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Pad 39B Water Flow Test Comes Through Loud and Clear

20 Sep 2019, 08:25 UTC
Pad 39B Water Flow Test Comes Through Loud and Clear
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NASA continued its preparation for the Artemis I mission with a successful water flow test on the mobile launcher at Kennedy Space Center’s Pad 39B on Friday, Sept. 13. (Credits: NASA/Kim Shiflett)

By Jim CawleyNASA’s Kennedy Space Center

NASA eclipsed another milestone in its plan to send the first woman and next man to the lunar surface by 2024 with the latest successful water flow test on the mobile launcher at Kennedy Space Center’s Pad 39B.

Using adjustments from the first water flow test event in July, the Friday, Sept. 13 exercise demonstrated the capability of the sound suppression system that will be used for launch of NASA’s Space Launch System (SLS) for the Artemis I mission.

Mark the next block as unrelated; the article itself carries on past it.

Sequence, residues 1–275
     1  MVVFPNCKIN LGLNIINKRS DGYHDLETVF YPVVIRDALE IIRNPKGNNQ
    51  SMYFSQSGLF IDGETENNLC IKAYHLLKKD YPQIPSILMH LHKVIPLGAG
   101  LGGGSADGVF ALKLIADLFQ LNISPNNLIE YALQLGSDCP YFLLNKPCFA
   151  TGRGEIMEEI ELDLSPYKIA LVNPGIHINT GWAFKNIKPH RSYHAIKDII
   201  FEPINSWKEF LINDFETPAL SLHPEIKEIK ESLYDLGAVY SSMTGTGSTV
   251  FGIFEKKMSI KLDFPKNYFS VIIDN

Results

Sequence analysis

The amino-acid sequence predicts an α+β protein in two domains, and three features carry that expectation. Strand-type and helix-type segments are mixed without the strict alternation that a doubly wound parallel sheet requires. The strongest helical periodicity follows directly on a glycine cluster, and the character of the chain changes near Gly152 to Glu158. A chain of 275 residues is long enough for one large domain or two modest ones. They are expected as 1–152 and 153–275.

During the 30-second test, about 450,000 gallons of water poured onto the Pad B flame deflector, the mobile launcher flame hole and onto the launcher’s blast deck. The system reached a peak flow rate of more than 1 million gallons per minute. While the visual is dramatic, the water’s main purpose come launch day involves sound.

“SLS will create about 176 decibels at liftoff, which is significantly louder than a jetliner,” said Launchpad Element Deputy Project Manager Nick Moss. “The sheets of water ...

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